NASA on Wednesday declared that its Opportunity rover, one of its missions to explore Mars, is officially over.
NASA hasn’t been able to contact Opportunity since June of last year and declared the mission dead after making a final attempt on Tuesday, the space agency said in a statement.
The mission lasted more than 15 years after it initially landed on Mars in January 2004 NASA said the rover was originally expected to explore the planet for 90 days.
NASA Administrator Jim BridenstineJames (Jim) Frederick BridenstineGreen New Deal will only happen if we go back to the moon What is SpaceX doing in South Texas? The Hill’s 12:30 Report — Cohen gets three years in prison | Fallout from Oval Office clash | House GOP eyes vote on B for wall MORE said in a statement that it is “because of trailblazing missions such as Opportunity” that astronauts will one day be able to travel to Mars.
“And when that day arrives, some portion of that first footprint will be owned by the men and women of Opportunity, and a little rover that defied the odds and did so much in the name of exploration,” he added.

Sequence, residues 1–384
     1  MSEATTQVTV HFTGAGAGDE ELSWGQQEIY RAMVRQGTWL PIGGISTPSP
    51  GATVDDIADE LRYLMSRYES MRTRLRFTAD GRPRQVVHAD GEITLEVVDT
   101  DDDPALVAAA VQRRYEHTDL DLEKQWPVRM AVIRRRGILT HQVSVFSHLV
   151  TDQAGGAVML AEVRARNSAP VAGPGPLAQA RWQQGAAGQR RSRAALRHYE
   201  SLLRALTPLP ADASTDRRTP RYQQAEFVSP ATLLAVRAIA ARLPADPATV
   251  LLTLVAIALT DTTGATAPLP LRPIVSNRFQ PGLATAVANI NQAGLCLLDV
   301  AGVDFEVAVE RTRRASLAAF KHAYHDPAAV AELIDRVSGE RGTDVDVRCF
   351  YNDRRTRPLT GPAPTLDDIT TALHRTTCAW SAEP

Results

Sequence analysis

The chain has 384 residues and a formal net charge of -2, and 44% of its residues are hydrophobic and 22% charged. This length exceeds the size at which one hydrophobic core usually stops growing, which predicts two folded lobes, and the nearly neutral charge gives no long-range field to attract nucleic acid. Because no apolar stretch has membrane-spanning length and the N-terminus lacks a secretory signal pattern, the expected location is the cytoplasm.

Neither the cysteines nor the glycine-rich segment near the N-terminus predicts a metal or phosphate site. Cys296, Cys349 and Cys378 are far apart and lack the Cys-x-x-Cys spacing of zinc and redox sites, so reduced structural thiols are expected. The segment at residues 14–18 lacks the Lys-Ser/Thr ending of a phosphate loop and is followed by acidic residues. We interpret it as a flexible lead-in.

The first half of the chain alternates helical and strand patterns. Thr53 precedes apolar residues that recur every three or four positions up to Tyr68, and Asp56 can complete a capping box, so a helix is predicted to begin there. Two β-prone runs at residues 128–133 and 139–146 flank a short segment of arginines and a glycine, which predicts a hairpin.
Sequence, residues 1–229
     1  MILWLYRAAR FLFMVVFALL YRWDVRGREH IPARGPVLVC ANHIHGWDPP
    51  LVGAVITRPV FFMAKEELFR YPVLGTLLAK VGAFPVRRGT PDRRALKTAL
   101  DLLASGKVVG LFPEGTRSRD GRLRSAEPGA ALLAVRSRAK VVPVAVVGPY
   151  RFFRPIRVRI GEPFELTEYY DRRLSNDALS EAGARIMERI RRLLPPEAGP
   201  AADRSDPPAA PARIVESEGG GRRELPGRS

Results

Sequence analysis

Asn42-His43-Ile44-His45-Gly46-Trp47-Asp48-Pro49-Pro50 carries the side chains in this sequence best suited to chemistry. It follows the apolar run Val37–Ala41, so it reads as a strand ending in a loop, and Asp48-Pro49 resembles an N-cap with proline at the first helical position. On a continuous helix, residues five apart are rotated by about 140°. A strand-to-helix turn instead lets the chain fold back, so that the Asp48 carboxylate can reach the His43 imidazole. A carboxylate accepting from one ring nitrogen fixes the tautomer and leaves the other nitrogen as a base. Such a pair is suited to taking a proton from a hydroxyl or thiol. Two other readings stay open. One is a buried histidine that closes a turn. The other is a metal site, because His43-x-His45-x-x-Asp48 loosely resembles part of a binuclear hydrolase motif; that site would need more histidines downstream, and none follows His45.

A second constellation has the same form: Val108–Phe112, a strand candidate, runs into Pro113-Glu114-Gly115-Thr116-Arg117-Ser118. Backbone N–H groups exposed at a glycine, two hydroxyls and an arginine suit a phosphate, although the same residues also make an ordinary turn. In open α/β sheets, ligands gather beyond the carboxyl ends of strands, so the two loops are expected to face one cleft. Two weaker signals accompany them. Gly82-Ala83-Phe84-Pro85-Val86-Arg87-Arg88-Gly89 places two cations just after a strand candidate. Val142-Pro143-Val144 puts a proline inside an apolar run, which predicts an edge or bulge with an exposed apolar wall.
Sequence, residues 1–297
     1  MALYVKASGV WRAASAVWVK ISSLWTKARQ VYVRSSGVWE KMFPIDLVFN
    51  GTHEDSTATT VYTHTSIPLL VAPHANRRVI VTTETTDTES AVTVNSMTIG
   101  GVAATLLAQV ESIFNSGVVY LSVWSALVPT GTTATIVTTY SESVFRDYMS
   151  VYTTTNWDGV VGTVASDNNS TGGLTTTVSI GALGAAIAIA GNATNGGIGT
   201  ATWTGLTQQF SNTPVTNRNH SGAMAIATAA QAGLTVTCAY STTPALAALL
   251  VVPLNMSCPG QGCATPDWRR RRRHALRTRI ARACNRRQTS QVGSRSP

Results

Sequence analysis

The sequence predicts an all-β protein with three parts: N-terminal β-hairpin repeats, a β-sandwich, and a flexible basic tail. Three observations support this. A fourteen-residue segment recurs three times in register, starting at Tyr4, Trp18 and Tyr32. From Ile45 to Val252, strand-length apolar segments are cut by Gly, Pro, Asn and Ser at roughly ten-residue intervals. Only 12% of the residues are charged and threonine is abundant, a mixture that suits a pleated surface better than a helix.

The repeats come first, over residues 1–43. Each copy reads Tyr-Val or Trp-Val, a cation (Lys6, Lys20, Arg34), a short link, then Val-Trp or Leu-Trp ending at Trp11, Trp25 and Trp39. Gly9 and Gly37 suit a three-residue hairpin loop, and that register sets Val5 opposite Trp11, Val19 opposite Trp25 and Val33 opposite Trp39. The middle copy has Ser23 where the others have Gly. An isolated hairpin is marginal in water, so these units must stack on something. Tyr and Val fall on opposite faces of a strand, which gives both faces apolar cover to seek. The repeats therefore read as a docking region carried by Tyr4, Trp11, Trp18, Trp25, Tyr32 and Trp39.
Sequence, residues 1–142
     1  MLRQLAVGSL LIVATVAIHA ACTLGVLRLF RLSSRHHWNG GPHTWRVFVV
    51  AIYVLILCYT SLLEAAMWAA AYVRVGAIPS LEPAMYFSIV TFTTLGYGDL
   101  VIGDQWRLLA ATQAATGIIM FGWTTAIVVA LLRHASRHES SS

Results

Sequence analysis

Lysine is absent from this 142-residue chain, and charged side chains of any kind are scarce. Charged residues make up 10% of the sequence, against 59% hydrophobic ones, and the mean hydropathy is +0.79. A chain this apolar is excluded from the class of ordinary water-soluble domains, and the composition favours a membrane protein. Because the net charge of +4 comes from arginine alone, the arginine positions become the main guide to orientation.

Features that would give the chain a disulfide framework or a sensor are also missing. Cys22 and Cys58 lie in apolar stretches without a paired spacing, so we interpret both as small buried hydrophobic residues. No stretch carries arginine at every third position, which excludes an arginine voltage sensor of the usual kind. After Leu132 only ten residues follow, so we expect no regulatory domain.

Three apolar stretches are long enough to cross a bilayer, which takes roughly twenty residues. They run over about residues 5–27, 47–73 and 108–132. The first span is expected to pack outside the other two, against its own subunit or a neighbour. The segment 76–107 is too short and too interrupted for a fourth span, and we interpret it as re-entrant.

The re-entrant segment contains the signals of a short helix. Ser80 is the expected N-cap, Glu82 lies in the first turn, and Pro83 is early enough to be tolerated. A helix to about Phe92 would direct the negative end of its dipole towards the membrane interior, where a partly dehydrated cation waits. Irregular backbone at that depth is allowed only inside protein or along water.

After 800+ attempts to contact @MarsRovers Opportunity, today we’re announcing the end of a successful Martian mission. Intended to explore the Red Planet for 90 days, Oppy outlived its mission lifetime by 14+ years. Join us live now: https://t.co/zJwTTpQNwp #ThanksOppy pic.twitter.com/U4J26TfzDv
— Jim Bridenstine (@JimBridenstine) February 13, 2019
John Callas, the manager of NASA’s Mars Exploration Rover project, said in a statement that NASA had “made every reasonable engineering effort to try to recover Opportunity” but ultimately determined that the odds of getting in contact with the rover were “far too low to continue recovery efforts.”
NASA still has two active missions exploring Mars. The agency’s Curiosity rover has been exploring the planet for more than six years, and its Insight lander reached the planet on Nov. 26 of last year.